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Ensconced in a lorry, hidden from the enemy by the brow of a hill, the young Robert Solow decoded the radio signals of Nazi platoons across Italy. “We were very, very good at it,” he said. The trick was to get close to the enemy but not too close: near enough to pick up their transmissions, but not so near as to risk capture.

The codes were not fancy—it was “combat stuff”. But if they could be broken quickly, they might reveal an ammunition delivery that could be thwarted. The radiomen were not fancy either. Most were high-school graduates. Even Solow, who would go on to earn a Nobel prize in economics, the Presidential medal of freedom and a Portuguese knighthood, before his death on December 21st 2023, was “middle-middle-class”. He was educated at Brooklyn state schools. He preferred softball to books, and was destined for Brooklyn College until a teacher spotted his potential, broadened his reading, and encouraged him to apply to Harvard University, which he joined two years early and rejoined after the war.

Solow’s years as a soldier only strengthened his egalitarian streak. He declined to become an officer, so he would not have to boss anyone around. When the Massachusetts Institute of Technology (mit) offered him a job in 1949, he asked what the lowest paid professor earned, and accepted the same. When he served in President Kennedy’s Council of Economic Advisers, the Swiss embassy wanted to know his protocol rank. His answer was that he was a full professor at MIT and the government had no rank as high. Informed in the predawn hours in October 1987 that he had won the Nobel prize, his first instinct was to go back to sleep.

What he craved was more precious than prizes: the esprit de corps that comes from membership of a small, highly motivated band of colleagues. “If you’re in a group that is doing good work, it’ll have a high morale. And if it has high morale, it’ll do good work,” he once said. As an economist, he liked formal models and mathematics. But nothing too fancy. Over-refinement reminded him of the man who knew how to “spell banana” but did not “know when to stop”. His strategy was to break big questions—about growth, resources, unemployment—into littler ones, in the hope that small answers would aggregate into larger ones.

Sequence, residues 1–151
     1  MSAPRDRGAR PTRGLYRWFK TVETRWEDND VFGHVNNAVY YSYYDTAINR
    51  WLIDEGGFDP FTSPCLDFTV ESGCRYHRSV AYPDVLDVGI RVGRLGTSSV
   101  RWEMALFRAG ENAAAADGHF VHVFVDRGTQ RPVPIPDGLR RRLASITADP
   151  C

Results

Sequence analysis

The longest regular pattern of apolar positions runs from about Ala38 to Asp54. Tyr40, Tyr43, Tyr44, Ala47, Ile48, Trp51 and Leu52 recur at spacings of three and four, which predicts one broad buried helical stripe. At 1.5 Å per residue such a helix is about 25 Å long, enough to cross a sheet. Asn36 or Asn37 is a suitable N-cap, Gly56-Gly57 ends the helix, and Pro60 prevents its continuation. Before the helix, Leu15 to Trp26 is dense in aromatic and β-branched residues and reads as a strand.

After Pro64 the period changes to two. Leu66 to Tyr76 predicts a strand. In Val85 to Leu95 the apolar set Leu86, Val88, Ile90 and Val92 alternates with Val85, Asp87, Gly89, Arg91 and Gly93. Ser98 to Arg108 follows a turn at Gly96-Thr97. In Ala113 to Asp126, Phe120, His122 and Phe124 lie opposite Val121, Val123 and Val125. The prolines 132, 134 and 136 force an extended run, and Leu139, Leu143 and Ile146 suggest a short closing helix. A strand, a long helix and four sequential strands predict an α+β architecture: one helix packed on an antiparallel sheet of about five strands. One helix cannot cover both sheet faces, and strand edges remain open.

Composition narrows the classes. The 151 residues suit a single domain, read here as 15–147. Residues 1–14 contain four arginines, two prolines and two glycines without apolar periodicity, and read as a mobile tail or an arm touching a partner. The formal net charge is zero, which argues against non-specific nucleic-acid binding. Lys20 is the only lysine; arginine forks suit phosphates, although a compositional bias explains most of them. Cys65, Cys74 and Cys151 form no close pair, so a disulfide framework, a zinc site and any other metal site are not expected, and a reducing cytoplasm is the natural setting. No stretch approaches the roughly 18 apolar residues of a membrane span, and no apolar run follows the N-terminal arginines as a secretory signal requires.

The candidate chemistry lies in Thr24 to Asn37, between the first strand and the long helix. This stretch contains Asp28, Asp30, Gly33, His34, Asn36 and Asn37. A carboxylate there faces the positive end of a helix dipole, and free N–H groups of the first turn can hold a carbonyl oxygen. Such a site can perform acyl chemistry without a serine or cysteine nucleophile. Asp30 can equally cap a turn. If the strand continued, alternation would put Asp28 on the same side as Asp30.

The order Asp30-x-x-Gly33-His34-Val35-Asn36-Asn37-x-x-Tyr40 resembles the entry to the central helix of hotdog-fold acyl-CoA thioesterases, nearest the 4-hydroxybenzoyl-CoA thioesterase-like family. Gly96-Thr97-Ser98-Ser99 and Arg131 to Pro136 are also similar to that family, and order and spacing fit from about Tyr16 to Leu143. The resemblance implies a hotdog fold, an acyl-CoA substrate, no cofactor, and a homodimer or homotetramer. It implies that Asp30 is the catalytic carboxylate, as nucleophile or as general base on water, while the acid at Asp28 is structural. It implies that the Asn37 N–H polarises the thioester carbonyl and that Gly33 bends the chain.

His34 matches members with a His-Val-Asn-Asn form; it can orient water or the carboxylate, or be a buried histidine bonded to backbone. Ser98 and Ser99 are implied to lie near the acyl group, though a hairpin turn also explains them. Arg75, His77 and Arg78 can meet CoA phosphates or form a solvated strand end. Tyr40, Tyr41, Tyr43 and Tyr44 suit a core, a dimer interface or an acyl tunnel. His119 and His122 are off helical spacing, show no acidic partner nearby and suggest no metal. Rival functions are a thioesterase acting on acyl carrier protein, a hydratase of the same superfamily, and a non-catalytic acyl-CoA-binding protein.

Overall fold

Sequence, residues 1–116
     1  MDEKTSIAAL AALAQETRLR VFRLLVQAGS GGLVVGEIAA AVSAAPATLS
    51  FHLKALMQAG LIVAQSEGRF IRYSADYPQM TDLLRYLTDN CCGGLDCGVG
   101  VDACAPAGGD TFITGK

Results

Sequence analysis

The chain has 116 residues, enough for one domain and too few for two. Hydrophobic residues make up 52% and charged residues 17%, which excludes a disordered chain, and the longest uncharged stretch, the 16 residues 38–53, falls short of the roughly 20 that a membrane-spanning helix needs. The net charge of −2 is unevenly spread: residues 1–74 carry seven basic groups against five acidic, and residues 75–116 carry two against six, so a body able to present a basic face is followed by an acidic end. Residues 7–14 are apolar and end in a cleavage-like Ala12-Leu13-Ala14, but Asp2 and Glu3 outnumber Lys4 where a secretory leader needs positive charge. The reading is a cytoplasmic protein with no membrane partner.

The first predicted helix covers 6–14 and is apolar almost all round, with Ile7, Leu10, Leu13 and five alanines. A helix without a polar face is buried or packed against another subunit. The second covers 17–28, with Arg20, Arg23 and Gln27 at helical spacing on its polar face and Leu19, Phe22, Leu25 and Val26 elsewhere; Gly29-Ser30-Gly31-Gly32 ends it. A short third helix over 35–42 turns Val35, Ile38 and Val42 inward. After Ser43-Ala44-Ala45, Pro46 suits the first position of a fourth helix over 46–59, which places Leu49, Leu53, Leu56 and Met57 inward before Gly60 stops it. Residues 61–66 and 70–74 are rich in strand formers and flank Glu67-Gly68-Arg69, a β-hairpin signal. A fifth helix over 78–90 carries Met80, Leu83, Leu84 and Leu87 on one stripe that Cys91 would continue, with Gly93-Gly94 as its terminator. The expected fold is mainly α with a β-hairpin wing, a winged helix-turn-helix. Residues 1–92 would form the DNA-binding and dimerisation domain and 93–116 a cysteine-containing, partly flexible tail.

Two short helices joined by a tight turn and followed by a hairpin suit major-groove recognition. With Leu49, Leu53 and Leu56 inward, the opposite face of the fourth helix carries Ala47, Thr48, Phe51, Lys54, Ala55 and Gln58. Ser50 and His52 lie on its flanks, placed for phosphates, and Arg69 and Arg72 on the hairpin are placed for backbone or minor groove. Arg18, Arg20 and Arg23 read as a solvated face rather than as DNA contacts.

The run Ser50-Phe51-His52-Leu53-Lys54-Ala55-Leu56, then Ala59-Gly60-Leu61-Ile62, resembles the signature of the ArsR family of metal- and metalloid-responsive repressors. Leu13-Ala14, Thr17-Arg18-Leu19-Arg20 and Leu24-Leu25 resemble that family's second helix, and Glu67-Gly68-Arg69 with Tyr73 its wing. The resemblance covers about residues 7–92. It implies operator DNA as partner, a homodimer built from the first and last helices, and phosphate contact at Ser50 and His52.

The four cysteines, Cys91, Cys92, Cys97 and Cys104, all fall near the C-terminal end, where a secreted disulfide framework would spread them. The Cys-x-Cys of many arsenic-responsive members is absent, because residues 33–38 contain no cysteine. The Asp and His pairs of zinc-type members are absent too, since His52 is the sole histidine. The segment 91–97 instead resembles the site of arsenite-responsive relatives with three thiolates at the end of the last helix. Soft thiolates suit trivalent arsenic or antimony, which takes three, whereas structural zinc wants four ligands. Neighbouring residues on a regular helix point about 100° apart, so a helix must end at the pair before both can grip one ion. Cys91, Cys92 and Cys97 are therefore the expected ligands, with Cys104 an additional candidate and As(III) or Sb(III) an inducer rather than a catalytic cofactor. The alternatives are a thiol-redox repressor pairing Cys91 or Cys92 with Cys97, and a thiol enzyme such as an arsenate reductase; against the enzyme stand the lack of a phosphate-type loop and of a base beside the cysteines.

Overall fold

The MIT culture he embodied disdained hierarchy, cherished collegial lunches and made time for students, many of whom became illustrious friends. Four of Solow’s students later received their own sleep-disturbing calls from Sweden. Economics, Solow maintained, was a “handicraft” industry, often driven by the “extraordinarily powerful research apparatus” of one professor and one undergraduate assistant.

Something he liked about academia was that ideas, no matter how prestigious their source, could be scrutinised by anyone. His own criticisms were energetic and witty, which could make them harder to take. He found the “freshwater” school of macroeconomics, identified with the University of Chicago, preposterous, especially in its early incarnations, which assumed a “representative agent” could stand in for the many actors in an economy. To get into a technical discussion with freshwater types was like discussing cavalry tactics with someone claiming to be Napoleon, he said. The claim is absurd, however well they know their stuff.